Monday, July 13, 2009

My Spear and Magic Helmet

Today was the 114th anniversary of the birth of Kirsten Flagstad, one of the biggest stars of the '30s Golden Age of Wagnerian opera singing. It's hard to believe that there was a time when Wagner's popularity rivaled or even surpassed Verdi or Puccini, but in the '30s at the Met, there was a huge amount of Wagner every season. In part this was a case where supply drove demand: there were an unusual number of singers who could handle Wagner's music and had the stamina to get through these operas -- not many, but more than there were in Wagner's own lifetime. Combine that with the feeling that Wagner's operas were uplifting and noble (they do have all that redemption jazz going on) and decades of proselytizing for Wagner by eminent critics, and you had a period where Wagner's operas were true repertory pieces -- as opposed to today, when many of them require a certain amount of special pleading. (Companies want to put them on, and mounting a Ring cycle is proof that you're a major-league company, but most of his operas simply aren't big box-office like Puccini, some of Verdi, and even Mozart, whose operas were only just starting to come back into fashion in the '30s.)

This era of Wagnerism in America ended, of course, in 1941; by the time the war was over, Wagnerian singers in any case weren't as plentiful as they had been.

The way Wagner's operas were staged in the '30s at the Met and other big houses helped create the cliches that are familiar to people who have never seen a Wagner opera: though some European houses had already tried to take a more modern or symbolic approach to Wagner (like Mahler's production of Tristan at the Vienna State Opera), the Met apparently went in for spears, helmets, literal sets and broad acting. This clip of Flagstad performing in The Big Broadcast movie seems like a good representation of a time when these cliches were still taken seriously by opera fans. (This is not a knock on Flagstad, a great singer and, by many accounts, a serious and involving performer.)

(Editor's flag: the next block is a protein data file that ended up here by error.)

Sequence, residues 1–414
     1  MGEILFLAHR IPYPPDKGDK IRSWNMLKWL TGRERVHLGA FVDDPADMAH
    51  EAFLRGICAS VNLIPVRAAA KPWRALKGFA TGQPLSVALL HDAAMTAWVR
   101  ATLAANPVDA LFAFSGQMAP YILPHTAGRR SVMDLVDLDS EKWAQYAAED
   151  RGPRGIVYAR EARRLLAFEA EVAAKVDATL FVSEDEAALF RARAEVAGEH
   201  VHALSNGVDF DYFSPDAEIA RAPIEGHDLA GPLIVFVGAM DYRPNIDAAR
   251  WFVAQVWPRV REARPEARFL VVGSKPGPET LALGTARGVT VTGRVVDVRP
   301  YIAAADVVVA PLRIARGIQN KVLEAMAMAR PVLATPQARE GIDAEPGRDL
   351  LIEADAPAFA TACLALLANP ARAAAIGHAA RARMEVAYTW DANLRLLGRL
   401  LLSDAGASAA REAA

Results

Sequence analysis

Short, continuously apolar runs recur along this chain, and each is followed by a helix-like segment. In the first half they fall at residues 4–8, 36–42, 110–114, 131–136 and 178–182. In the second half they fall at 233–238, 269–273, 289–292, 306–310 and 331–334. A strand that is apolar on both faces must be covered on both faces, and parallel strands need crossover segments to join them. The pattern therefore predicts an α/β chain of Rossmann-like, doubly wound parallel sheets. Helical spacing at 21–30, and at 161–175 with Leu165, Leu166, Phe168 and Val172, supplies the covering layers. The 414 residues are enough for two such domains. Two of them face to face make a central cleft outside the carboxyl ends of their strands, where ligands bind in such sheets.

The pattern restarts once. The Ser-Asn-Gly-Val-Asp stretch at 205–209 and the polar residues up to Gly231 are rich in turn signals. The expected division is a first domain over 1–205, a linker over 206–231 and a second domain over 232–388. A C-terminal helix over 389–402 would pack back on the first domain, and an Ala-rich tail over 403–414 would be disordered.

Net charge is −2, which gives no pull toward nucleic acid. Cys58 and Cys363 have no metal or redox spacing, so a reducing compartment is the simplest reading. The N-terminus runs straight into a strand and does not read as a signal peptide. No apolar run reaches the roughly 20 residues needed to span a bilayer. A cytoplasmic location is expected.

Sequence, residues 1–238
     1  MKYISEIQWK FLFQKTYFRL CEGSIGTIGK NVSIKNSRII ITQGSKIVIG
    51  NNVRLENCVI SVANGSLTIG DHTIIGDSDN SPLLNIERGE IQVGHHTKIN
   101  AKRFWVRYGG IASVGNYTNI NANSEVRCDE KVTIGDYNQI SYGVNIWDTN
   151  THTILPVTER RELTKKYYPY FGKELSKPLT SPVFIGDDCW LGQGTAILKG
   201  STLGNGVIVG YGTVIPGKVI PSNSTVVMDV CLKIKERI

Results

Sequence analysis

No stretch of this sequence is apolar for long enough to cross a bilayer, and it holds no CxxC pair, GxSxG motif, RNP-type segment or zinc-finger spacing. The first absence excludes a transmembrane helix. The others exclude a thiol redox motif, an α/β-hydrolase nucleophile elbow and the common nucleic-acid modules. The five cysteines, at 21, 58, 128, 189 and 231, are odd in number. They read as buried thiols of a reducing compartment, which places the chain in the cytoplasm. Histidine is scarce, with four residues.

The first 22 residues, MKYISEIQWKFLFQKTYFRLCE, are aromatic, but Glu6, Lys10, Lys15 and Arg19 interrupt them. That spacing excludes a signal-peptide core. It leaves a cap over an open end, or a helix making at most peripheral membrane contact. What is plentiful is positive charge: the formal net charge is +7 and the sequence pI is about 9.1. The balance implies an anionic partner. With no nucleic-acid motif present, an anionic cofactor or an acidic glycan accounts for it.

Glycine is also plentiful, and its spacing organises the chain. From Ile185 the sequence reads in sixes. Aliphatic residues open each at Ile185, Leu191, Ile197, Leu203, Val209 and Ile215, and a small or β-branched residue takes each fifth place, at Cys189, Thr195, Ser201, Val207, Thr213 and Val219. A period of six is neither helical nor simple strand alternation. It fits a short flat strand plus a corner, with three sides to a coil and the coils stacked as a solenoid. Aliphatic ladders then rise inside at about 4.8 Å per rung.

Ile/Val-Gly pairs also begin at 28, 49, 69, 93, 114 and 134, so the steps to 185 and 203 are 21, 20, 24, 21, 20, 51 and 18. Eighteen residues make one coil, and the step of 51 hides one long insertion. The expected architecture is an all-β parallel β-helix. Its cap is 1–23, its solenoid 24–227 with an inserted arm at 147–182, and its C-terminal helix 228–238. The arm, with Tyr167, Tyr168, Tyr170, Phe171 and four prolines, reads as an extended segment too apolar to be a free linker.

I'm not, myself, a big Wagner fan, but I like several of his operas very much, especially Tannhauser and the opera that's supposed to be the most inaccessible of all, Parsifal (it's long, weird and somewhat puerile, but the music is incredibly hypnotic and the characters are quite fascinating). I think my least-favorite Wagner is actually his crowning achievement, the Ring, which I think has some serious flaws as theatre, as philosophy and as most importantly as an expression of character in music. Opera is fundamentally about bringing out character in song, but Wagner's method of "endless melody" -- meaning, basically, recitative over orchestral development of important motifs -- often seems to fall into set, even predictable patterns, so that different characters sound very much the same when they sing. Richard Strauss used the Wagnerian method but put a lot more individuality into the vocal lines; Wagner sometimes sounds like he's uninterested in the most important instrument of all (he writes very demanding music for voices, but not necessarily distinctive music). This is not the case in every scene in the Ring, but it does happen in some parts.

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